It was nearly four decades ago that I first got involved in charity in a meaningful way. I was in the third grade at Pearl Ridge Elementary School and helped organize a recycling drive to collect newspapers and aluminum cans. This effort had the dual benefit of removing waste from the landfill stream as well as generating revenue for our school as we sold the recyclables to private vendors.
To that nine-year-old boy, spending my career in the nonprofit world was the furthest thing from my mind. Yet I have spent virtually the entirety of my adult life working for charitable and philanthropic organizations. I’ve helped create more than two-dozen new charities in places as varied as Ohio, Nevada, Hawaii and Wisconsin.
During the last few years on our beautiful little peninsula working for the Door County Community Foundation, I’ve been involved in administering the Door County Green Fund and helped found Healthy Water Door County. While I’m certainly no attorney, I’ve spent far more time than anyone ever should trying to understand the organizational structure of effective charities and the complexities of the tax code as it relates to charitable giving.
Yet even after decades of this work, it has become painfully obvious that, like Jon Snow, I know nothing. I was reading a November 2016 article on nonprofitlawblog.com when for the very first time I saw the reality of a simple truth in charitable tax law that had long been staring me in the face.
Preserving and protecting our environment is not inherently a charitable act.
For decades, we’ve managed to work around this omission in our nation’s tax laws, but inevitably, it is a growing menace that we eventually will have to confront. As the Jon Snow character from the television series Game of Thrones ominously likes to say, “Winter is coming.”
Section 501(c)(3) of the Internal Revenue Code (IRC) identifies seven exempt purposes that qualify an organization as a public charity. Specifically, the Internal Revenue Service (IRS) defines a charitable contribution as a gift to an entity “organized and operated exclusively” for religious, charitable, scientific, literary or educational purposes, or prevents cruelty to children or animals, or an organization that fosters amateur sports competition.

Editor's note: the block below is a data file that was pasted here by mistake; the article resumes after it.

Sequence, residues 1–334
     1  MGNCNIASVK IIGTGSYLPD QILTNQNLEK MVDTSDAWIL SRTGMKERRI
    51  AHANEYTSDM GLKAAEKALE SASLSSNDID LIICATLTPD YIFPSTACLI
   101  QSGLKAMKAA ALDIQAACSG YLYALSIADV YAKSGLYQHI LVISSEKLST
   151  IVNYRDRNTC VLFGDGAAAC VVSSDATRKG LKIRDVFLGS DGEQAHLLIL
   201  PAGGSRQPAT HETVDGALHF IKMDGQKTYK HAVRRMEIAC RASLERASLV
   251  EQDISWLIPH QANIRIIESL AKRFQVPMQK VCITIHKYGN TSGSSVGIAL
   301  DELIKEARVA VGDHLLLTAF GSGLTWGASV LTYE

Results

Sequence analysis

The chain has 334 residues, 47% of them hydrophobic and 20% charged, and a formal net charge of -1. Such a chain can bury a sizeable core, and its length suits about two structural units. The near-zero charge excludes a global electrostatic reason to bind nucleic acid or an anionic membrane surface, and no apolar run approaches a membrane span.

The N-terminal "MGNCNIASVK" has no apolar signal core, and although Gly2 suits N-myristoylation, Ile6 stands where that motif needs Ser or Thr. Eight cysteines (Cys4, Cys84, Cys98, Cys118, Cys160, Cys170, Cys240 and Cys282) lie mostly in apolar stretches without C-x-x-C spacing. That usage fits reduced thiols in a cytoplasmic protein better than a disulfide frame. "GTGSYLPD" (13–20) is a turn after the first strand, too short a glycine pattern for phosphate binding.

Yes, you read that correctly. The IRC says that promoting amateur sports is inherently charitable but that protecting the environment is not. To quote from that article, “Environmental as a 501(c)(3) Charitable Purpose,” I recently read on nonprofitlawblog.com, “there is no explicit mention of environmental purposes in the statutes or regulations defining what is charitable under Section 501(c)(3) of the Code.”
Of course, we all can name plenty of terrific environmental groups that have been recognized by the IRS as 501(c)(3) public charities. The problem is that to earn their tax-exempt status, they had to link their environmental mission to another purpose that the IRS would consider charitable.
Professor Edward Lloyd of Columbia Law School’s Environmental Law Clinic wrote about this issue in his 2015 paper, “Clarifying IRS’s View on Climate Change as a Charitable Purpose.”
Lloyd wrote, “There is no explicit mention of environmental protection in the statues governing what is charitable. The IRS does consider environmental preservation to be a charitable purpose, however the IRS often looks for additional charitable factors and justifies the environmental activities not as charitable because of their environmental protection, but as charitable because of other benefits they provide.”
To obtain recognition as a public charity by the IRS, you typically justify the organization’s charitable nature under labels such as “lessening the burdens of government” or “combatting neighborhood deterioration.”
Lloyd notes, “When these factors are absent, it seems much harder to get the activity considered as charitable.”
On the surface, it’s easy to dismiss this glaring omission as nothing more than bureaucratic gobbledygook. After all, isn’t what most environmental groups do inherently “educational” or “charitable” which should qualify them as tax-exempt under 501(c)(3) of the IRC?
Unfortunately, it’s not that simple. The Sustainable Economies Law Center provides guidance on its website, writing, “What you think is ‘educational’ or ‘charitable,’ may not be the same things the IRS considers to be ‘educational’ or ‘charitable.’ The only way to know with any certainty whether the IRS would accept your activity as tax exempt is to look at rulings where the IRS has examined similar activities. These rulings can be found in Private Letter Rulings, Revenue Rulings, and tax court decisions.”